Booksmart Is a Hilarious Coming of Age Comedy That Packs an Emotional Punch
High school graduation presents the template for a rite of passage, the informal end of childhood. The uncertainty of college life without all of one’s childhood friends is scary, a disruption of the long-held status quo. The occasion is ripe for adaptation because it provides America’s youth with a unifying sense of journey, something most of us who grew up in this country have commonly experienced.
Booksmart is a film about accepting change. Amy and Molly are two childhood friends who have done just about everything together, putting their broader social lives aside to encourage each other to pursue academic excellence. Such persistence pays off on the college admissions front, but the high school experience cannot be measured in grades alone. The night before graduation the two set out to hit one last milestone, to attend a high school party.
The highlight of the film is without a doubt the natural chemistry between lead actresses Kaitlyn Dever and Beanie Feldstein. The two are perfect together, presenting the kind of relationship right off that bat that most television shows would need a full season to establish. The ease with which their friendship permeates through the screen accentuates the narrative’s emotional resonance, making it easy for the audience to see themselves at the heart of the film’s conflict.
Olivia Wilde puts forth a strong showing behind the camera in her directorial debut, often framing her scenes in a way that brings out the subtleties in her actors’ performances. Like many adaptations of high school, Booksmart presents a fairly absurd depiction of adolescent life where students live out their wildest Snapchat fantasies, but Wilde keeps even her most outlandish scenes grounded in relatable drama. There are many laugh out loud moments, but the script ensures a certain emotional staying power beyond the humor.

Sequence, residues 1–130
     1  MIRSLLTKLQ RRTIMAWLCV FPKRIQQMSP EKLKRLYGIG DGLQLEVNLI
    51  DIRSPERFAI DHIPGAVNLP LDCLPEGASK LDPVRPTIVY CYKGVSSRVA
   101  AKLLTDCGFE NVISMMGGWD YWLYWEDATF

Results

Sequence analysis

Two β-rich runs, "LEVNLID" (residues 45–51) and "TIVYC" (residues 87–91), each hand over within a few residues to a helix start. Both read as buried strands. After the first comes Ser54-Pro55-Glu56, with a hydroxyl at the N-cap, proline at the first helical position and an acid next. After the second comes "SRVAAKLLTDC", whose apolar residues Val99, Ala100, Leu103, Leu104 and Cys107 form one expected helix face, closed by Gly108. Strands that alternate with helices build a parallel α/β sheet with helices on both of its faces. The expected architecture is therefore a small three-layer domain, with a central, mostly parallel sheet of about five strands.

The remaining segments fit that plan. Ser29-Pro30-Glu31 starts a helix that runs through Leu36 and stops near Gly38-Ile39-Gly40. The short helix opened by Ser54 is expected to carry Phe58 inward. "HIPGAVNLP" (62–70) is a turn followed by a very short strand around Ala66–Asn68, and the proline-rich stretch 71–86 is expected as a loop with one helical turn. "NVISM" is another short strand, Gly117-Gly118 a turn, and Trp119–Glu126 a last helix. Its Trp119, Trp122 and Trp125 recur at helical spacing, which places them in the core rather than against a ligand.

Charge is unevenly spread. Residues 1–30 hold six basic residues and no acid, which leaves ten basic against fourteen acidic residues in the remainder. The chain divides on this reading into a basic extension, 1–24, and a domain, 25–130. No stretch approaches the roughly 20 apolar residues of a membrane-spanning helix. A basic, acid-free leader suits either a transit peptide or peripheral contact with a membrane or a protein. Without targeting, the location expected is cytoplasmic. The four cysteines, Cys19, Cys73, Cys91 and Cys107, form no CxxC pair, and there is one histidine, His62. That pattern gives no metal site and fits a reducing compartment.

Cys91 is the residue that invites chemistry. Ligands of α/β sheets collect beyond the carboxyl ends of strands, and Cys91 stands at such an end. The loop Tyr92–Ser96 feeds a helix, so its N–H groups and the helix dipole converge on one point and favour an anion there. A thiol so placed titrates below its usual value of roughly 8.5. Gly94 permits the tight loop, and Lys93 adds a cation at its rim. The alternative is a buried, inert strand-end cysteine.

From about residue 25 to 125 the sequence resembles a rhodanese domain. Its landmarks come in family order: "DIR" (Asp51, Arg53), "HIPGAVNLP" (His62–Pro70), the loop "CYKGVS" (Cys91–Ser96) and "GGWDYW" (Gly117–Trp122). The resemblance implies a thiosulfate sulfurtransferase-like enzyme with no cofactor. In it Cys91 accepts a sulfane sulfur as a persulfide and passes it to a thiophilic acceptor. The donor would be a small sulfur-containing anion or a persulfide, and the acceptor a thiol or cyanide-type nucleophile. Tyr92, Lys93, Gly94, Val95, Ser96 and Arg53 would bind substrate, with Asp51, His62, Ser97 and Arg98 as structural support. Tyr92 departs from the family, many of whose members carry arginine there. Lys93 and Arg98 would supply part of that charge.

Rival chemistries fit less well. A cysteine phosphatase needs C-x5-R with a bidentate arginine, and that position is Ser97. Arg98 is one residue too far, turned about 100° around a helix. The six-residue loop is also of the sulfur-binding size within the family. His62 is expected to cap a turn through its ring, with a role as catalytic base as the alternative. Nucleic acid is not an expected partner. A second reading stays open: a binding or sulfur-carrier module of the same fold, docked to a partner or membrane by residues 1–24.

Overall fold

The film takes a careful approach to LGBTQ issues. Amy is gay, a trait that isn’t treated as a point of debate or amusement by any of the other characters. Her storyline has its cringe-worthy moments, but those are crafted out of the awkward nature of adolescence rather than as a product of her sexuality. Amy is treated just like any other character, something that might seem weird to point out if it weren’t for the fact that so few similar depictions of LGBTQ youth exist in American cinema.
For a film that takes place over a twenty-four-hour window, Booksmart does an excellent job in presenting its characters as fully fleshed out individuals, even its rather extensive supporting cast. Billie Lourd and Skylar Gisondo, in particular, portray gag characters that still have depth beyond the humor they’re ostensibly around to provide. High school films can often get by on the sheer reliability of their narratives, but Booksmart stands out for its extensive investment in the journey of its subjects.
Booksmart manages to be the funniest high school comedy in years while never losing sight of its powerful emotional core. Olivia Wilde’s first feature film as a director is a powerful showcase of her talents. Few films are capable of making an audience cringe in one moment and cry in the next, but Booksmart possesses a firm grasp of the messy, often hilarious nature of growing up.